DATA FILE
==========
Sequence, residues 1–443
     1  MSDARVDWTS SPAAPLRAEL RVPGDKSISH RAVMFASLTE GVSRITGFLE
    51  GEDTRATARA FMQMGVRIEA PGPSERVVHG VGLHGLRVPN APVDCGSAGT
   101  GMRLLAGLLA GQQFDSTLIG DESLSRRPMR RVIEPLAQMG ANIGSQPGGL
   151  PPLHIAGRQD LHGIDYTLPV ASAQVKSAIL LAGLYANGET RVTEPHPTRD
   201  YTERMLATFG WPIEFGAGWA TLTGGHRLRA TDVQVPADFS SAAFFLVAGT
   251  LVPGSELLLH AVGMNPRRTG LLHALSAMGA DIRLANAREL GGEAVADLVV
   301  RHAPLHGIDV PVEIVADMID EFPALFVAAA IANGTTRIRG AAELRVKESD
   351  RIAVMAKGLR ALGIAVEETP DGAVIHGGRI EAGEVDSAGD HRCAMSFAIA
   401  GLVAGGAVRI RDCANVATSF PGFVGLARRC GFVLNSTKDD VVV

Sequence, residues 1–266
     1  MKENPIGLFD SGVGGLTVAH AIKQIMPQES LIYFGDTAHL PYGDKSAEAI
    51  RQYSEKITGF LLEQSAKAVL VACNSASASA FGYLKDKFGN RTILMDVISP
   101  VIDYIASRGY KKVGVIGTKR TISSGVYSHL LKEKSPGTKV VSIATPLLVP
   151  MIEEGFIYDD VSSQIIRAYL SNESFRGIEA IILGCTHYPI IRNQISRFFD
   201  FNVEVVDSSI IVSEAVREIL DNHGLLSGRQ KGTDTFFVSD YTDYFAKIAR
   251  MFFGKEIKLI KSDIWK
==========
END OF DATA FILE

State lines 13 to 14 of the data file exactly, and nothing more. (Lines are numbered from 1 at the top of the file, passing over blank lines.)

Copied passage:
    51  RQYSEKITGF LLEQSAKAVL VACNSASASA FGYLKDKFGN RTILMDVISP
   101  VIDYIASRGY KKVGVIGTKR TISSGVYSHL LKEKSPGTKV VSIATPLLVP